I thought it was really cool when I read the description of Collins on the back flap and saw that he has 12 children. He’s Irish Catholic, I guess, but he doesn’t come across as the least bit religious in the book. I think he and his wife don’t have so many children for religious reasons so much as because they just love having children. In any case, this description of the four years of orthopedic surgery residency at the Mayo Clinic is awesome. It’s very engrossing, with lots of medical details and patient stories. The insights Dr. Collins has about human life and mortality are interesting, but not the best part of the book. He’s very good at describing scenes and engaging the reader in what’s happening. One thing I could never get over was how after treating so many people for injuries sustained from accidents while driving drunk, even a few people who are mentioned as not having blood alcohol levels above the legal limit but still being impaired, Dr. Collins and his fellow residents continue to go out and drink and then drive home. Overall this is a really excellent book. I read it all in one night – couldn’t put it down.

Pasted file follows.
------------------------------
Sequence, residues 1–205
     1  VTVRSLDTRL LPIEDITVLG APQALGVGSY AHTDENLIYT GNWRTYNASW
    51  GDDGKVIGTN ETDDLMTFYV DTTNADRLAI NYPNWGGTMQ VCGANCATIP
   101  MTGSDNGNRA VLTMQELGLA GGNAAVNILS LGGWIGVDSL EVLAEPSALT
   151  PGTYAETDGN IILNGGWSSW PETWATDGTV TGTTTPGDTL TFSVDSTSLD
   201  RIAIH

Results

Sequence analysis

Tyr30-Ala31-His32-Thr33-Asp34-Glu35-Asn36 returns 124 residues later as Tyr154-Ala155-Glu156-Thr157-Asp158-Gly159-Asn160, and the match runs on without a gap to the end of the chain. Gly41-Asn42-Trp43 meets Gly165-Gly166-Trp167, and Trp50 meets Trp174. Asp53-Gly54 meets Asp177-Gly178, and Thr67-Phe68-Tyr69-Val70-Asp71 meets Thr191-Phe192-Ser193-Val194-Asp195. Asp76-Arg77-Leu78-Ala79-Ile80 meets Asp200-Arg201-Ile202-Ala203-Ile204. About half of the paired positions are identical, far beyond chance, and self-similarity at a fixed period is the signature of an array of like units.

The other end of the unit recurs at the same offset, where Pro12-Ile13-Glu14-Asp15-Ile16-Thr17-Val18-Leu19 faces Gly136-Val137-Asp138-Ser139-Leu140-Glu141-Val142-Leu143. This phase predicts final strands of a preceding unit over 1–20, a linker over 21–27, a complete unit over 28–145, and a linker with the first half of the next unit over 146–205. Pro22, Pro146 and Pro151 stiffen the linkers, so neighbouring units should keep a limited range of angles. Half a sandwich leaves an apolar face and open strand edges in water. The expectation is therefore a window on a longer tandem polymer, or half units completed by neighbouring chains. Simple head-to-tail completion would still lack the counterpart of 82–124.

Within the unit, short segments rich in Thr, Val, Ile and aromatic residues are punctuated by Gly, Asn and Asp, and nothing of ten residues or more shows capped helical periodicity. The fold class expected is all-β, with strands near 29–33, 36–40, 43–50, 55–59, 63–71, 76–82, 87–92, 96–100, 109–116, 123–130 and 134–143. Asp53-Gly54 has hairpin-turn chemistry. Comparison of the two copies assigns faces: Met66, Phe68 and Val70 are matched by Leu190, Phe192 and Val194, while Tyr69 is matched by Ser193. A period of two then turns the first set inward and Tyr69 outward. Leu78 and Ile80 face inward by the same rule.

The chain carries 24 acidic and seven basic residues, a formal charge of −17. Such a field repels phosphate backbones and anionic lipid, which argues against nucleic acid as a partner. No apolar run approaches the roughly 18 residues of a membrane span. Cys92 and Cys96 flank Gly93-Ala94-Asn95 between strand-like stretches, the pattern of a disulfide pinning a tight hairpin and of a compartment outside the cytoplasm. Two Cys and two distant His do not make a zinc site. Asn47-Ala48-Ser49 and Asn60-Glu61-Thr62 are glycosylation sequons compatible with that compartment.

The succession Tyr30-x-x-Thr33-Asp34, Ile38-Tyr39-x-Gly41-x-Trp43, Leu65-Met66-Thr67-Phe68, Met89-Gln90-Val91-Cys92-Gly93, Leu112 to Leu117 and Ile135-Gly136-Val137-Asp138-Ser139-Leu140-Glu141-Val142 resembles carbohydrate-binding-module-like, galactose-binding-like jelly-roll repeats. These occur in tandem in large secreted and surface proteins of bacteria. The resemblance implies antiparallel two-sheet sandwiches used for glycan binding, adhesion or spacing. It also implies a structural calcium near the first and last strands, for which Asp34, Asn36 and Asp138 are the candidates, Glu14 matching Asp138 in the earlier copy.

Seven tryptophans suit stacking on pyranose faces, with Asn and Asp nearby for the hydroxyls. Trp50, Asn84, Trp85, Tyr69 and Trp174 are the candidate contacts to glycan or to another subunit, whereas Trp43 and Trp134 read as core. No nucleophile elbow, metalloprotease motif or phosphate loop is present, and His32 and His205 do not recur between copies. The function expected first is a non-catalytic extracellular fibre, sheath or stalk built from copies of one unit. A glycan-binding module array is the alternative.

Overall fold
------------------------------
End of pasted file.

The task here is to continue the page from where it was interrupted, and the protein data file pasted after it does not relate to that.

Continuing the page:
• Katie
    2019-05-15 14:16

    In my continuing obsession with medical student/doctor memoirs (begun last spring with Atul Gawande's wonderful books) comes this memoir about a doctor who used to be a construction worker. Collins only started medical school in his mid-twenties, and this book is primarily a story about his four years of residency as an aspiring orthopedic surgeon at the Mayo Clinic.This book was different from Gawandes' (and probably most other medically-themed memoirs) primarily in its tone, because Collins is rarely serious. In fact, I laughed out loud more than once during this book--he has a lot of funny stories revolving around both his family and his fellow medical personnel, and of course, the neverending stream of patients. He turns serious at times, but mostly this was just a really engaging memoir about how unbelievably hard doctors have to work, both to become doctors in the first place, especially during their residencies, and then well, basically for the rest of their careers. Collins actually worked about 100 hours a week as a resident and ALSO had to moonlight at a hospital, because you don't make very much money as a resident. He worked constantly and never slept more than a couple hours. I don't know how they do it.

  • Carmen
    2019-05-01 16:28